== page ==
The habit of notebooking starts with a blank page. To keep a notebook is to record observations, express emotions, share events and achievements, copy favorite authors. It is to put in written form the thoughts that most capture our interest.

There is something about writing an idea down that cements it more firmly in our memory. To write something down is to remember it.

Every Bed of Roses: Take time to write

For a deeper dive into this topic, I highly recommend the book The Living Page by Laurie Bestvater. Laurie discusses the “art of the keeper” and divulges her note booking ideas in her “gallery of forms.”

This blog post from Brandy Vencel who writes at afterthoughtsblog.net is an excellent review of this book.

The Living Page: Keeping Notebooks with Charlotte Mason: Bestvater, Laurie:  9780615834108: Amazon.com: Books

Our Notebooks

Here are examples of some of the notebooks that some or all of our kids have kept.

Letters One form of note booking that I have practiced with my kids is to write short letters back and forth to them in a small note pad. I fill a page with thoughts, encouragements, etc. and place it in their top dresser drawer where they are sure to see it. They return by writing a personal note on the next page and putting it in my top dresser drawer. It is a way to connect with their dreams, struggles, ideas. It helps them to share personal thoughts that can be hard to say in person. Sometimes it is easier to express thoughts in writing and these exchanges help us do that.

Notepads that we use to write notes back and forth with each other.

Personal Diary If you have ever kept a diary, you can probably attest to looking back through the pages and remembering things you had completely forgotten. A diary is like a photo album. It is a written account of where you have been, what you have done. Sharing personal feelings and struggles in writing can be a great way of coping with difficulties. Writing in a diary is excellent writing practice because a child can write freely without constraints of proper sentence structure, spelling, etc. which will help them to develop expression of thought.

Nature Notebooking On Fridays, our kids are assigned to write entries in their nature journals. If you are looking for inspiration for keeping a nature notebook, The Country Diary of an Edwardian Lady is a must read! I have found that the pattern in this book to be a very helpful tool to guide them in recording nature.

The Country Diary Of An Edwardian Lady by Edith Holden ...

Page 1- Write the Month at the top in beautiful script or creative lettering. Draw pictures of what you see outside during this month. Copy a poem or quote to describe the month.

Country Diary Of An Edwardian Lady | hubpages

Page 2- Keep a journal of observations by date. Write the day number and a short (2-3 sentence) description of what you observe.

The left side is page 1- Name of the month and picture. Sometimes they include a quote or poem. The right side shows journal entries of observations by date.

Sketchbooks A sketchbook does not necessarily develop writing skills, BUT it is a beautiful piece for a child to keep. It shows progress in drawing and observation skills. It is enjoyable for parent and child to look back and remember the ideas and environment that fascinated a child through different stages of growth.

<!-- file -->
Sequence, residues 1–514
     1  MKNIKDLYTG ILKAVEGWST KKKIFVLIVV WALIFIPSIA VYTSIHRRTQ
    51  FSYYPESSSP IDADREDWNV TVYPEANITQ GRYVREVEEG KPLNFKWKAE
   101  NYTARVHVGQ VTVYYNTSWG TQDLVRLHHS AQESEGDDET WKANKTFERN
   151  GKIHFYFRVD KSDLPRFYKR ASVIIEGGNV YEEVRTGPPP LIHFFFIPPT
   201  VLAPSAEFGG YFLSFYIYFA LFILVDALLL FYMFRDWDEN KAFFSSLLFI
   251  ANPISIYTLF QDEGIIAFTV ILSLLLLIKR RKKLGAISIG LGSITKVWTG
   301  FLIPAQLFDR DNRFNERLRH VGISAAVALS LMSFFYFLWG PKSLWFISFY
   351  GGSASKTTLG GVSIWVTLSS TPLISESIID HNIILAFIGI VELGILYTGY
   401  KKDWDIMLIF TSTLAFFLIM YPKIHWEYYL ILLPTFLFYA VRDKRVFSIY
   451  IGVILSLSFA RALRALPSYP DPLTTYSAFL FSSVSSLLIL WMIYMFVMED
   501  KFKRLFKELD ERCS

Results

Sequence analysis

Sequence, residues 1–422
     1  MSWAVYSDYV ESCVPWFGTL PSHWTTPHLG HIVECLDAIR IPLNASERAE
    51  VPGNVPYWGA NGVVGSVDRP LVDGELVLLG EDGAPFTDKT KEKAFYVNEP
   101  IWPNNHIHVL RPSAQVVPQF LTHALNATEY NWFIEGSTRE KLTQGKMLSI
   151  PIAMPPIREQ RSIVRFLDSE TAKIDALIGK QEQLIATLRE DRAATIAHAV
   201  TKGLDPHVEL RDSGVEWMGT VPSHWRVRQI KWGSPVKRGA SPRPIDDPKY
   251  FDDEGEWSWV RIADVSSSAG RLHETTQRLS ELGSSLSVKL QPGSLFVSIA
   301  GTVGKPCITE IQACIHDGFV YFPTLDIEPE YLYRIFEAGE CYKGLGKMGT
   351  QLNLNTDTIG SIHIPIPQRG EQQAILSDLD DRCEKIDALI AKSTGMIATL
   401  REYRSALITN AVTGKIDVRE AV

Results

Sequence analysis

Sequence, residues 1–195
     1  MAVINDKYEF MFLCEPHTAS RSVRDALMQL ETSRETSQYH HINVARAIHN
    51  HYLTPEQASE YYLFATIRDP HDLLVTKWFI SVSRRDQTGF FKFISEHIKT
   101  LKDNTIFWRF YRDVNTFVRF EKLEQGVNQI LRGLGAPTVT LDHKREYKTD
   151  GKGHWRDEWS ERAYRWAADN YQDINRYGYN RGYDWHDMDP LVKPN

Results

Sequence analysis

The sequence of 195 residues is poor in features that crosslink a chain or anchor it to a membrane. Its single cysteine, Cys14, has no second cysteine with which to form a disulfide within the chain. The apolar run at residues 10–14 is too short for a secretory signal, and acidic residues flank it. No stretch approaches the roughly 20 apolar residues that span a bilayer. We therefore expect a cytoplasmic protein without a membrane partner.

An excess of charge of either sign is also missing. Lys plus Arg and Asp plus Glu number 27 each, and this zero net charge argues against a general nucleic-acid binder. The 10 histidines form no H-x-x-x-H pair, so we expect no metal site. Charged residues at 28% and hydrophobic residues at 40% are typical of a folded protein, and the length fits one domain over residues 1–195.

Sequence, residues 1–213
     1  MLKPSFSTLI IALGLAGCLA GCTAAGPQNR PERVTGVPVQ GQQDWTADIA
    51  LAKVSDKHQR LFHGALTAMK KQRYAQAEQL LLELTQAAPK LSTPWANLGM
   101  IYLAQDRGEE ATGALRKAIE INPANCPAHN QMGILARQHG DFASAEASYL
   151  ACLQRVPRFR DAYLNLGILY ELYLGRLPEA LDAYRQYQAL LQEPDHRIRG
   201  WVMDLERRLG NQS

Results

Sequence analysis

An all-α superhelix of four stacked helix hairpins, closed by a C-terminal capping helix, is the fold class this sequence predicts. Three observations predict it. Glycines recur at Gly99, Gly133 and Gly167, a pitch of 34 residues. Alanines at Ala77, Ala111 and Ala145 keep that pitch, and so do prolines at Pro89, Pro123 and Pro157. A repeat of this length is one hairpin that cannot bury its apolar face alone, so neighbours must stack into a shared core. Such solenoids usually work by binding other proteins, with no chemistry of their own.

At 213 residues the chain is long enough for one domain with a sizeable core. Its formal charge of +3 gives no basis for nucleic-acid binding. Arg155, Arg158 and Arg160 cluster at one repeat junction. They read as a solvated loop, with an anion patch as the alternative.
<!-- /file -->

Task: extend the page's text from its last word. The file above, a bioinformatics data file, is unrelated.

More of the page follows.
Bible Journal A few of our children enjoy keeping a collection of notes from sermons they hear in church. It is a way to help keep attention during the service and to remember and reflect on past topics.

Other Notebooking Ideas

There are a few notebook ideas that I would like to inspire my kids to try.

-Math Notebooks: As new concepts are learned, a math journal might be helpful to keep charts and formulas handy.

-Bullet Journal: This is great for listing all sorts of things: bucket lists, vacations, gratitude journal, meal plans, exercise log, etc.

-Calendar of Firsts: This can be a seasonal record, noting the first flowers of spring, first time it snows, etc. It could also be a record of first experiences in life, losing the first tooth, first picnic, first garden.


Notebooking is a practice that captures vignettes of a child’s thoughts, experiences, and emotions at different stages of growth. It is a life habit with rewards. Our kids have enjoyed looking back through the notebooks they have kept and I have too! I’d love to hear your notebooking experiences and ideas!

Planting cucumbers, tomatoes, basil, and peppers.
Girls Tea with friends for Jenna’s 12th birthday.
Touring Kanati Studios in Myerstown, PA
Archery at Kanati Studios
Snowgeese at Middle Creek Wildlife Management

Helpful Habits for Writing Well #3: Narration

I’ve been sharing four helpful tools I have found that cover a lot of ground in teaching kids to write. Since our family is larger than the average size, these have been very helpful to me in minimizing the number of lessons while still developing the many sub-categories of writing: spelling, vocabulary, punctuation, handwriting, writing style, etc. In my last post, I covered habit #2: copywork.

  1. Reading- Reading quality literature of many genres.
  2. Copywork- Copying the best pieces from great authors.
  3. Narration- Reading or hearing a short story, verse, concept, or idea and expressing it back to someone in your own (first oral, then written) words.
  4. Notebooking– Journaling as a regular habit for life.

Habit #3: Narration